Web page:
A Chinese Journalist Who Went Missing While Reporting On The Coronavirus Has Reappeared In An Online Video
Li Zehua, who livestreamed his detention, had traveled to Wuhan after another citizen journalist disappeared.
A Chinese journalist who went missing two months ago after being pursued and detained while reporting on the coronavirus in Wuhan has reappeared in a video posted online.
Li Zehua was last seen on Feb. 26 when he posted a video where he was being chased by a white SUV. He livestreamed his detention later that day when security officials entered the apartment he was staying in.
On Wednesday a new video was posted on Li’s Twitter, Weibo, and YouTube profiles, where the 25-year-old explained that he had spent much of the last two months in quarantine.
In the video, Li, standing in front of a white background and speaking in a calm tone, says that when men entered his apartment on Feb. 26 he was told he was being investigated on charges of disrupting public order.
Although he was not charged, he was quarantined — first in Wuhan but then later in his hometown — because he had visited “sensitive areas.” Li said his devices were taken from him while in quarantine, but that he was given plenty of food and allowed to watch Chinese news programs in the evenings.
"During this stretch of time, the police made sure I had rest and food, civilly and in accordance with the law. They really cared for me," he says in the video.
"Thank you to all the people who looked after me and cared about me. I hope all the people who are suffering in this epidemic can recover their health soon. God bless China. I hope the world can come together.”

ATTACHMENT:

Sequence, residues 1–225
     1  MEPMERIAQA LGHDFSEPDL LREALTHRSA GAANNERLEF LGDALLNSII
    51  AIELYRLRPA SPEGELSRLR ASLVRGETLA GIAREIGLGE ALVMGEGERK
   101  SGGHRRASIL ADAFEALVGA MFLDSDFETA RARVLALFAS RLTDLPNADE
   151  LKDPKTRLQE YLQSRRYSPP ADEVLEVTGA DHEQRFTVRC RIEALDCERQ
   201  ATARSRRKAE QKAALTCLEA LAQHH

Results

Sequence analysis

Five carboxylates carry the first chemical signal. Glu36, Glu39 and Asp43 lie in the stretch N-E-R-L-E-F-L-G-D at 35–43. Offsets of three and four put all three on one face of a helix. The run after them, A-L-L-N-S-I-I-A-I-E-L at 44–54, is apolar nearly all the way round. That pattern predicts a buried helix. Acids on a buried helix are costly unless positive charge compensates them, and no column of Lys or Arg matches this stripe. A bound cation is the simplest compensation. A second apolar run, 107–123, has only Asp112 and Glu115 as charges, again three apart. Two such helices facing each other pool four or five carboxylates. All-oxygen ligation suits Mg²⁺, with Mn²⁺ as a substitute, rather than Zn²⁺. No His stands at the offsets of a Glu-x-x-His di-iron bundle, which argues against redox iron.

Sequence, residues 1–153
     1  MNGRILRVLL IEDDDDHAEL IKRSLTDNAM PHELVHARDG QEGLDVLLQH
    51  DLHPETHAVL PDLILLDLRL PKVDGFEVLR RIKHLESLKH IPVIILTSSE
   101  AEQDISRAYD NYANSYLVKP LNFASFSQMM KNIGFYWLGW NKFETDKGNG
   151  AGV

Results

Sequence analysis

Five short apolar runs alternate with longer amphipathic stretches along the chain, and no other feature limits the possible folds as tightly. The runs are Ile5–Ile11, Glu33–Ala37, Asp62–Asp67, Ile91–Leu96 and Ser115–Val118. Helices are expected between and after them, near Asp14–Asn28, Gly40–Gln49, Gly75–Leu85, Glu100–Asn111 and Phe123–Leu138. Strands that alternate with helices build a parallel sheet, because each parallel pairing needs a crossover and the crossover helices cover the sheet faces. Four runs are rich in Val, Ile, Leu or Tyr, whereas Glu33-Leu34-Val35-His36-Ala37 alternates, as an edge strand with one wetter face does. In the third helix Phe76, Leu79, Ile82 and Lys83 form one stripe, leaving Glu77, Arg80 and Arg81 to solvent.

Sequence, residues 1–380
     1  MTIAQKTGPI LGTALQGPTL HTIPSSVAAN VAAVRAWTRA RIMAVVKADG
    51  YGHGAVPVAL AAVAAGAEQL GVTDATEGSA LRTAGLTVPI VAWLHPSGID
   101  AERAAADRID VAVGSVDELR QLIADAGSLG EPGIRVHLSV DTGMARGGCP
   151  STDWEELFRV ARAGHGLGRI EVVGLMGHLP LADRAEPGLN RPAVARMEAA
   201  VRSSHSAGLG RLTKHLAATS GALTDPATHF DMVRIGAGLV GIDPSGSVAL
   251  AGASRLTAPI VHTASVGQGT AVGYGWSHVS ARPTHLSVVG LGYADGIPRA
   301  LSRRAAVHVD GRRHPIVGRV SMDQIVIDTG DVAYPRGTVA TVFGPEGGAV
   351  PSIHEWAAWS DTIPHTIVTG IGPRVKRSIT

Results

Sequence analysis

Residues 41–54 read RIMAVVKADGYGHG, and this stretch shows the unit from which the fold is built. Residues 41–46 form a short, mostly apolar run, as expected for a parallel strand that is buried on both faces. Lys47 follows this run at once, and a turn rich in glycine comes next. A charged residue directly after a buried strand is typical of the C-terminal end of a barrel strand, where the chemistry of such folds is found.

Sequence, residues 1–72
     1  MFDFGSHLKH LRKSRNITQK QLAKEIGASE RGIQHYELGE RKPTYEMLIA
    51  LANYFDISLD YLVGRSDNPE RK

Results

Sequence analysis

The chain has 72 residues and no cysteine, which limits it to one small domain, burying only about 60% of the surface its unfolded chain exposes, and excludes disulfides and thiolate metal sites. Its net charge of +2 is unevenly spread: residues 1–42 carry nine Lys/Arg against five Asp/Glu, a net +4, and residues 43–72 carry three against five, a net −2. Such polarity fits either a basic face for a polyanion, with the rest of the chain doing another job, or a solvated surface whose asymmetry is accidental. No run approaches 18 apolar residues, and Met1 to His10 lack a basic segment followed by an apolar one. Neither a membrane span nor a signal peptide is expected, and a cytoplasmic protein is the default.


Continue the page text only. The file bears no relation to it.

The words are quite different from how Li, who briefly worked for state broadcaster CCTV in the past, spoke in the videos he posted while reporting from Wuhan, including reports on efforts to cover up new infections and interviews with overworked crematorium employees.
China has a track record of airing forced confessions on state TV, although this video differs because it was posted directly on to Li's own social media profiles.
“There are too many things we don’t understand. We want to know more. We have to understand what’s going on. But they don’t want us to know what we want to know; they want us to know what they want us to know,” he said in his first video from Wuhan in February. “This is why I’m here.”
Li’s videos have been watched millions of times online, on Weibo but also YouTube and Twitter.
Chen, the journalist who disappeared before Li’s arrival in Wuhan, is still missing, according to a Twitter account run by friends. The whereabouts of another journalist from Wuhan, Fang Bin, are also still unknown.